Mrs. John revealed that she has extracted no probate or Letters of Administration in the estate of Charles Wyllie. She indicated that she was not aware if anyone else had done so. She did not say whether Charles Wyllie’s parents survived him, whether he had a spouse or other persons whom the law would deem to be his heirs, and who would be entitled to a grant of administration of his estate. Kenisha Noel submitted that the court should rely on the oral testimony and find that Sandra John is Charles Wyllie’s sister. I am of the considered opinion that something more than her say so is required to establish such fact on a balance of probabilities.
 In the absence of a birth or death record of Charles Wyllie, this court is unable to find that the details of his death have been established on a balance of probabilities or that such a person existed and by extension whether such person is deceased. More fundamentally, neither Charles Wyllie nor his estate was represented in the proceedings. This means that the interests of an integral party in the proceedings were not voiced. Sandra John did not have the necessary legal capacity to do so. Neither did the Registrar. Significantly, neither of them sought to make such representations on his behalf. Interestingly, the Registrar’s legal practitioner seemed keen to support the application by Kenisha Noel notwithstanding the obvious irregularities. For the foregoing reasons, I make no finding that Sandra John is related to or authorized to represent Charles Wyllie.
 Kenisha Noel submitted that section 5 (1) (d) of the Status of Children Act  (‘the Act’) creates a presumption of paternity in respect of a person who was cohabiting with the mother at the time of the birth of a child to that mother. It states:
‘5 (1) Unless there is proof to the contrary, on a balance of probabilities, there is a presumption that a person is, and shall be recognized in law to be, the natural father in any one of the following circumstances:
(d) the person was a cohabitant with the mother of the child at the time of birth of the child, or the child was born within ten months after hey ceased to be cohabitants;’
 Ms. Noel contended that the evidence of Sandra John and Susan Noel establishes that a common law relationship existed between Susan Noel and Charles Wyllie at the relevant time. I agree that their testimony is to this effect. Mr. Wyllie’s position was not presented to the court. In the premises, the court is hampered in making the finding for which Ms. Noel contends. Essentially, the court is being invited to make a substantial finding on an ex parte application relative to Charles Wyllie. No legal authorities were advanced which supported such a departure from established law.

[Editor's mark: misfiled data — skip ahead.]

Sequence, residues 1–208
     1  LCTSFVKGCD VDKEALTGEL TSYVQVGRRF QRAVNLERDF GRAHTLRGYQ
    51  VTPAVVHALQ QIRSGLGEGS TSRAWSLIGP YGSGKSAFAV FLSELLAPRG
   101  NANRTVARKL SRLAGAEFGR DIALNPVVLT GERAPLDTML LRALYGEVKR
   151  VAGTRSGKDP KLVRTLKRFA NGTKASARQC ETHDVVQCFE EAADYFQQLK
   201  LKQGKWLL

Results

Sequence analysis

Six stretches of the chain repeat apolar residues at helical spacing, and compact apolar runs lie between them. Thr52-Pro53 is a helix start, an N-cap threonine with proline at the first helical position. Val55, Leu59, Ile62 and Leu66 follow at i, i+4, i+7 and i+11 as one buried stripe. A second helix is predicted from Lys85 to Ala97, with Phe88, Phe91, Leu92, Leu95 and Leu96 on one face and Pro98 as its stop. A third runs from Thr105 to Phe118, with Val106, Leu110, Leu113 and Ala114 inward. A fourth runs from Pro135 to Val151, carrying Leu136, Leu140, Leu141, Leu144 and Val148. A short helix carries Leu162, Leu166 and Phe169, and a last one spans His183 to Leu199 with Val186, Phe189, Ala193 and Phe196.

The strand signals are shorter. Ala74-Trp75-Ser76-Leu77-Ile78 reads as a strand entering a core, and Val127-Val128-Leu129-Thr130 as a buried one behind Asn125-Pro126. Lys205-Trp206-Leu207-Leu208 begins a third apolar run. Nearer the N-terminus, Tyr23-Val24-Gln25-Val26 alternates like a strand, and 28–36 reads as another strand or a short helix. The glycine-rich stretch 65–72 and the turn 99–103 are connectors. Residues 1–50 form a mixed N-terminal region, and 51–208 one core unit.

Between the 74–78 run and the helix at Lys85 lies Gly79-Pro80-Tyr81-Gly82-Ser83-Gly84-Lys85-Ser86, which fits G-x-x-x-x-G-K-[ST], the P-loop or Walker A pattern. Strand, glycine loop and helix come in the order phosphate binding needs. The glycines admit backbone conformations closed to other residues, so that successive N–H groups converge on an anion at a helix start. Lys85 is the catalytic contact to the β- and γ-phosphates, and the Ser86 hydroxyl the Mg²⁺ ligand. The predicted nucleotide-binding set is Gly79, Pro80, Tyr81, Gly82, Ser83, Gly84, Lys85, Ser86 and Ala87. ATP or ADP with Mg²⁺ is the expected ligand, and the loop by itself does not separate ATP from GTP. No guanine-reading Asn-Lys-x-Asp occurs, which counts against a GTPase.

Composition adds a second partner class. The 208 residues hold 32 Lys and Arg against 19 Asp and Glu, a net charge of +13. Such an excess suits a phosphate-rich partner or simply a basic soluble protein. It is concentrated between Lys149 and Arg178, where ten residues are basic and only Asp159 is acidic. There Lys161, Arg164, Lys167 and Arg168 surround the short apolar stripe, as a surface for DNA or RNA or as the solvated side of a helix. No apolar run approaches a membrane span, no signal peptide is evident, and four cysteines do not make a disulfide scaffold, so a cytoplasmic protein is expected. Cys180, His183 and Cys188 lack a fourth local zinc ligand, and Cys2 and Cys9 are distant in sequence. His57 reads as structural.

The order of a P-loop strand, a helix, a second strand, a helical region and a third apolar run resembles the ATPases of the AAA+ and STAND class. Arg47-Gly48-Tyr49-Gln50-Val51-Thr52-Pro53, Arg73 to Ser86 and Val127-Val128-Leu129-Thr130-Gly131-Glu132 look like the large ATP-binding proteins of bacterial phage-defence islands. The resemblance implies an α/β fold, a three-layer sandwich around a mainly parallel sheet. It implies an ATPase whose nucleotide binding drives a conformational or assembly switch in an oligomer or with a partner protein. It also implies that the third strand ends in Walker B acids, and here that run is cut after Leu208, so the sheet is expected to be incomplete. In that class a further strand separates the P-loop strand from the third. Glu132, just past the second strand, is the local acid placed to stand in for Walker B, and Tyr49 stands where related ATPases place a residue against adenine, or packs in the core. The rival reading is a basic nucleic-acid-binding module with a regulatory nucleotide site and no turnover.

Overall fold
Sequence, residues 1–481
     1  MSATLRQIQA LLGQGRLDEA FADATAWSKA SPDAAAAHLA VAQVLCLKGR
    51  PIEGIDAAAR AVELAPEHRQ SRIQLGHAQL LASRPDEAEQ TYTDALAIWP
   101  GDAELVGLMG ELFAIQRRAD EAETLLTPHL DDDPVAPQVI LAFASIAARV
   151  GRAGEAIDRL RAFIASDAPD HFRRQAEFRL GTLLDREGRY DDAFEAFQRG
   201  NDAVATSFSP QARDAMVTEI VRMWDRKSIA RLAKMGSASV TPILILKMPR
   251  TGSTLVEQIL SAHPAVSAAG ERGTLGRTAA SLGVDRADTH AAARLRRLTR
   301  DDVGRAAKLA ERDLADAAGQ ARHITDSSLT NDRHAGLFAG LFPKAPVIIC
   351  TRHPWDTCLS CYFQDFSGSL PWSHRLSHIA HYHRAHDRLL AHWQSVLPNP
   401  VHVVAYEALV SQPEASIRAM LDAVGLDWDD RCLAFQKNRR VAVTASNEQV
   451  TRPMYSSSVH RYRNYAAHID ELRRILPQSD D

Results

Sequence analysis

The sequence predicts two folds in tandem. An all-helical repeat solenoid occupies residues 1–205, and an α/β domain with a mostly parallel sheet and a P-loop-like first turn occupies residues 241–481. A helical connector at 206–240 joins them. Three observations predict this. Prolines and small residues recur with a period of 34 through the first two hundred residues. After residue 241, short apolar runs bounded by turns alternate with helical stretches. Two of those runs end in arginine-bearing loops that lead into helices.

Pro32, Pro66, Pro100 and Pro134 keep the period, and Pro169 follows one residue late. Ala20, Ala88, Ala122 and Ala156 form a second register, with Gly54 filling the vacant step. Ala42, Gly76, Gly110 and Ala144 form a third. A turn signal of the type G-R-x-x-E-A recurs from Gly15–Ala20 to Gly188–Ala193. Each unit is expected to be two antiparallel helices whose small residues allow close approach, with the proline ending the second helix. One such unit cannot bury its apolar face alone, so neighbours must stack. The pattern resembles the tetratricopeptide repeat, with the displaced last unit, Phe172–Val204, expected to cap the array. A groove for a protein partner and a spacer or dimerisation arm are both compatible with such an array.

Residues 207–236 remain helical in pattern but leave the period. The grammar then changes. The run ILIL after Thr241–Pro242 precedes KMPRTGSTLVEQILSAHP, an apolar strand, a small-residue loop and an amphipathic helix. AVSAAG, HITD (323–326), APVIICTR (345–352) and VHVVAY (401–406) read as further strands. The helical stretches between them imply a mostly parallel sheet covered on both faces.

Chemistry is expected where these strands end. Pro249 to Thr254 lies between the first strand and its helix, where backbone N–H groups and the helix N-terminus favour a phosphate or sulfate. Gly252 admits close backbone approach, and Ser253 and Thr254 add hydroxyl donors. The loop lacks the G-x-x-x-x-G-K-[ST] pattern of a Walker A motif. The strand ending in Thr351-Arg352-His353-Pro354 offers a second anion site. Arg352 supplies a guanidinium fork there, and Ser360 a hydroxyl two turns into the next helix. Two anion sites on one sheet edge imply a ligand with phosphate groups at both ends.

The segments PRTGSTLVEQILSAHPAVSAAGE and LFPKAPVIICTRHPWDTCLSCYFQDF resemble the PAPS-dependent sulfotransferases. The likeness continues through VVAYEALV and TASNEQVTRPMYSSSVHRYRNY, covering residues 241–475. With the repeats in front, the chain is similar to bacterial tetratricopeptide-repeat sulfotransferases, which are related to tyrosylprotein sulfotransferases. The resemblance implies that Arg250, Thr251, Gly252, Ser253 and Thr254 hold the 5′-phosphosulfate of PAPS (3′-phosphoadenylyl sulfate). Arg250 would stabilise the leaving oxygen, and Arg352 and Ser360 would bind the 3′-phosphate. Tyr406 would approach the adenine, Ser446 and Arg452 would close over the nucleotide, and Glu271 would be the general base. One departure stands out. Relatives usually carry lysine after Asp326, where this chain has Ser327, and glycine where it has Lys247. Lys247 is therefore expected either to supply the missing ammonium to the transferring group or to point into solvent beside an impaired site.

Ms. Noel relied on section 8 of the Act. She argued that ‘it is reasonably practicable’ that the evidence proved that Charles Wyllie is her father. She contended that the court is empowered by the Civil Procedure Rules 2000 rule 21.4 (2) (‘CPR’) to appoint one or more persons to represent a deceased person’s estate. CPR 21.4 (2) states:
’21. 4 (2) The court may appoint one or more persons to represent any person or class of persons (including an unborn person or persons) who is or may be interested in or affected by the proceedings (whether presently or for any future, contingent or unascertained interest) where –
(a) the person, or the class or some member of it, cannot be ascertained or cannot
(b) readily be ascertained;
(c) the person, or the class or some member of it, though ascertained cannot be found; or
(d) it is expedient to do so for any other reason.’ (bold added)
 Ms. Noel submitted further that use of the word ‘may’ creates discretion. She contended that it was not mandatory for the court to make such order as would be the case if the word ‘shall’ was employed. In this regard, she argued that the court should have regard to Sandra John’s testimony that no one was appointed to represent Charles Wyllie’s estate.
 She argued further that CPR 21.7 (1) authorizes the court to appoint a representative for the purposes of these proceedings. She submitted that even in the absence of such an appointee, the court may nonetheless make a declaration that Charles Wyllie is Kenisha Noel’s natural father. that the use of the word ‘may’